When it comes to skating, wheel maintenance is an often overlooked practice. Many skaters simply believe that wheels and bearings are replaceable; therefore, they do not need to maintain their wheels. While it is true that wheels and bearings are replaceable, this does not mean that you should neglect your wheels. In fact this should indicate the exact opposite. Wheels and bearings are going to go through a lot of wear-and-tear over their lifetime. Whether it is dirt, rocks, water, or just rough terrain, wheels and bearings will take a beating. The less you maintain your wheels and bearings, the more money you will have to spend to replace them.

When maintaining your wheels, the most important item to look for is wear. Softer wheels wear faster than harder wheels. Therefore it is of the greatest importance that you understand the type of skating terrain your wheels are designed for and you skate on that terrain. 


Wheel rotation is a necessary practice regardless of the type of wheel you have, and whether you are using your wheels on the proper terrain. Wearing down of your wheels is completely normal, but can cause you major issues if it is not handled properly. What is meant by this is that you can rotate your wheels to help distribute the wear evenly. This will increase the longevity of your wheels and make your skating experience much better. 

Wheel rotation on your inline skates is similar to the process of rotating wheels on a car. The process consists of removing your wheels and then positioning them in a different spot on your frame. You are welcome to re-position your wheels in any manner that you like, but the following guidelines are highly recommended to insure your wheel wear is even.

 Wheel Rotation on 4 Wheeled Skate

For 4-Wheel Skates: 1-3-2-4


For 4-wheel skates with wheels that are all the same size, you will want to utilize the 1-3-2-4 rotation. This method is known as the 1-3-2-4 because it requires the 1st and 3rd wheels on the frame to be swapped, and the 2nd and 4th wheels to be swapped. Additionally, it is recommended that you flip the wheels so that the side that was facing out is now facing in.




For 5-Wheel Skates: 1-3-5-2-4 

• Step 1: Skates with 5-wheels will be a bit tricky, so please pardon the confusion that you may have, as we will try to explain as best we can through text and illustration. To rotate wheels on a 5-wheeled skate, you will reposition the wheels in spots 1, 3, and 5. The best way to do this is to move position 1 to position 3. The wheel that was in position 3 is moved to position 5, and the wheel in position 5 is moved to position 1. 

• Step 2: After re-positioning wheels 1, 3, 5, you can now re-position wheels 2 and 4. Swap the positions of wheels 2 and 4 in the manner illustrated below:


Wheel Rotation on 5 Wheeled Inline Skate


*It is also recommended that you flip the wheels when rotating. The side of the wheel that was facing to the outside should be facing inside after rotated and flipped. This will keep the wear even and increase the longevity of your wheels. Furthermore, it creates a smoother ride.  

For 4-Wheel Hi-Lo Skates: 1-2-3-4

Rotating Hi-Lo Inline Skate Wheels 

This rotation process is most common on roller hockey skates, as they are typically the only skate style that utilizes a Hi-Lo frame. Hi-Lo frames require a different rotation process than other 4-wheel inline skates because the wheels in the back of the skate are larger than those in the front. As a result, the wheels in the back cannot be swapped with those in the front. To rotate wheels on a Hi-Lo frame, you will use the 1-2-3-4 rotation. The wheels in positions 1 and 2 will be swapped and the wheels in positions 3 and 4 will be swapped as well.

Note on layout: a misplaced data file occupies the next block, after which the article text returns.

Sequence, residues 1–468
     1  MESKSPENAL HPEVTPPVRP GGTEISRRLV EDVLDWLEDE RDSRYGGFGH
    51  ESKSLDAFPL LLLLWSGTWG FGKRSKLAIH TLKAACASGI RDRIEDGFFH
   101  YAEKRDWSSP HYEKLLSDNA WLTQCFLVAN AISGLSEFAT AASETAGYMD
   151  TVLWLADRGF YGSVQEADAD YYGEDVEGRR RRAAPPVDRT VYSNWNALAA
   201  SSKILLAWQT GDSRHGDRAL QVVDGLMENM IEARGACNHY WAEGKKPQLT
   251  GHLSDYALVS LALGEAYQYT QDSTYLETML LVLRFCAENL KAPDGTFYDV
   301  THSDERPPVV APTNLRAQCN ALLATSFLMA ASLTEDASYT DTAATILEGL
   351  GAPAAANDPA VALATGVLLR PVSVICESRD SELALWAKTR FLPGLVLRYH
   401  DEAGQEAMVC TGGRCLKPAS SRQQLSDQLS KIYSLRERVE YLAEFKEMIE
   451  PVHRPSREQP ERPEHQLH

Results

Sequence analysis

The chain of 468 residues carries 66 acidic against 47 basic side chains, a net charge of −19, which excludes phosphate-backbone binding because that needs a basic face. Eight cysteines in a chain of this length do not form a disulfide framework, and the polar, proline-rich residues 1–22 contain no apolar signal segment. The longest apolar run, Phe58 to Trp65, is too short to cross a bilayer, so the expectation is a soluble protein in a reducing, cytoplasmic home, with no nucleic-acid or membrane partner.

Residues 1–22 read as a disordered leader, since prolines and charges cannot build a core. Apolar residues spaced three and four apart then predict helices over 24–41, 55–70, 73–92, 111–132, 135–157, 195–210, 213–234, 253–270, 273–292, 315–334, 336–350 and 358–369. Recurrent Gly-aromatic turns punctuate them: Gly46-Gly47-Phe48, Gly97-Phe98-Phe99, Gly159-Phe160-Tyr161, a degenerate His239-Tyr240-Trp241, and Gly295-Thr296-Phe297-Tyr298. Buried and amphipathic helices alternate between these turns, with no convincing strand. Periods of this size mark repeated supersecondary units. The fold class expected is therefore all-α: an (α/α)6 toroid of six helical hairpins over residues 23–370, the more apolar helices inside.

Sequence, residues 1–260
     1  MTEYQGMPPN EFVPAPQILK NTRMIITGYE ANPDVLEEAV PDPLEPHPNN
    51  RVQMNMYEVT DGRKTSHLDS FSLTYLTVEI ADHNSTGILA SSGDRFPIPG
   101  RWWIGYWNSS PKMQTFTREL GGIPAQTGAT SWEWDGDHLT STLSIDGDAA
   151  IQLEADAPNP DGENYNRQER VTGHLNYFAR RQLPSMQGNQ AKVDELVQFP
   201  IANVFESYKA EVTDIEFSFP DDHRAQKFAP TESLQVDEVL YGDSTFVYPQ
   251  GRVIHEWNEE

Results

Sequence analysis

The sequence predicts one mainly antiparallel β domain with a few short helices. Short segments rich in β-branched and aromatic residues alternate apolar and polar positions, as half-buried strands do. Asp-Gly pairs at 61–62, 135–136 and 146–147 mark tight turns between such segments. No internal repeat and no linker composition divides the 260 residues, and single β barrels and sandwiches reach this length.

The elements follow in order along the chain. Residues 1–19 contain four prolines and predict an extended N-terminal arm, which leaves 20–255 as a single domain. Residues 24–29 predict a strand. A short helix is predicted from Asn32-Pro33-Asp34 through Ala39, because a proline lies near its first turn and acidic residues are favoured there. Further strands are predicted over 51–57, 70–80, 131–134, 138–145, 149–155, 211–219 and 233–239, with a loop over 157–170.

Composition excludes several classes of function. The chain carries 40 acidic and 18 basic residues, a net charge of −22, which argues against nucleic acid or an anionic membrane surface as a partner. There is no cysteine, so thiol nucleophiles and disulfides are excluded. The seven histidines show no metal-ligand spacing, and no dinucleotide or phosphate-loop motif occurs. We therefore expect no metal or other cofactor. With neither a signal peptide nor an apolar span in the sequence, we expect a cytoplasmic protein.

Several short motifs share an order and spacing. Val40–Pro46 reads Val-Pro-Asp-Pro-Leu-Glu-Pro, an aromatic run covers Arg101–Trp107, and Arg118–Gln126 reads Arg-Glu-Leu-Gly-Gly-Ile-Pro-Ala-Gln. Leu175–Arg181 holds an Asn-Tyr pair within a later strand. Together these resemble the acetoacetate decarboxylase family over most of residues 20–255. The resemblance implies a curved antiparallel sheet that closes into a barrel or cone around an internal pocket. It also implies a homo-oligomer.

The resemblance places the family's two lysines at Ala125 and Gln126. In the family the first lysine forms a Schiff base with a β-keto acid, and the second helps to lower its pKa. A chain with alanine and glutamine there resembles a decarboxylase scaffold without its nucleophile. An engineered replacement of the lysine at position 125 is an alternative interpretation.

At some point you will have completed all of the rotations that you can on a set of wheels. At this time you will need to replace your wheels. The real question is when is that time? How worn do your wheels have to be in order to be replaced? This question is one of many answers because wear is different from skater to skater. The best answer we can provide you is that once your skates become difficult to skate on and they no longer sit flat on the surface it is time to consider replacement. Also, if see a very noticeable angle on your wheels, it is probably time to replace your wheels. 


Breakdown of wheel shape and wear 

A.) Perfectly new or relatively unworn wheel will look similar to

Inline Skate Wheel Wear Diagram

 this. At this point you do not need to do anything.

B.) Early stages of a wheel with uneven wear. Consider rotation and flipping at this point. This will help to even out the wear and increase the longevity of your wheels.

C.) Advanced stages of a wheel with uneven wear. The wheel has been rotated and flipped several times and is beginning to show wear on both sides, indicated by the sharp tip being created in the middle. Should consider replacement if skating is becoming difficult.

D.) Severely warn wheel that needs to be replaced. Skating is surely difficult at this point and skating any longer may result in the core and hub cracking. 

Compare your wheels to the images above to determine your best course of action. If it is time to replace them, determine the size and Durometer you need and follow the simple steps for replacing outlined below:

Inline Skate and Bearing Diagram


1.) Unscrew the axles with the proper tool (typically an Allen Wrench/Hex Key)

2.) Pop out the bearings and spacer from your old wheels (while these are out, it may be a good time for a little bearing maintenance as well)

3.) Put your bearings and spacers into your new wheels

4.) Reattach the wheels with the axles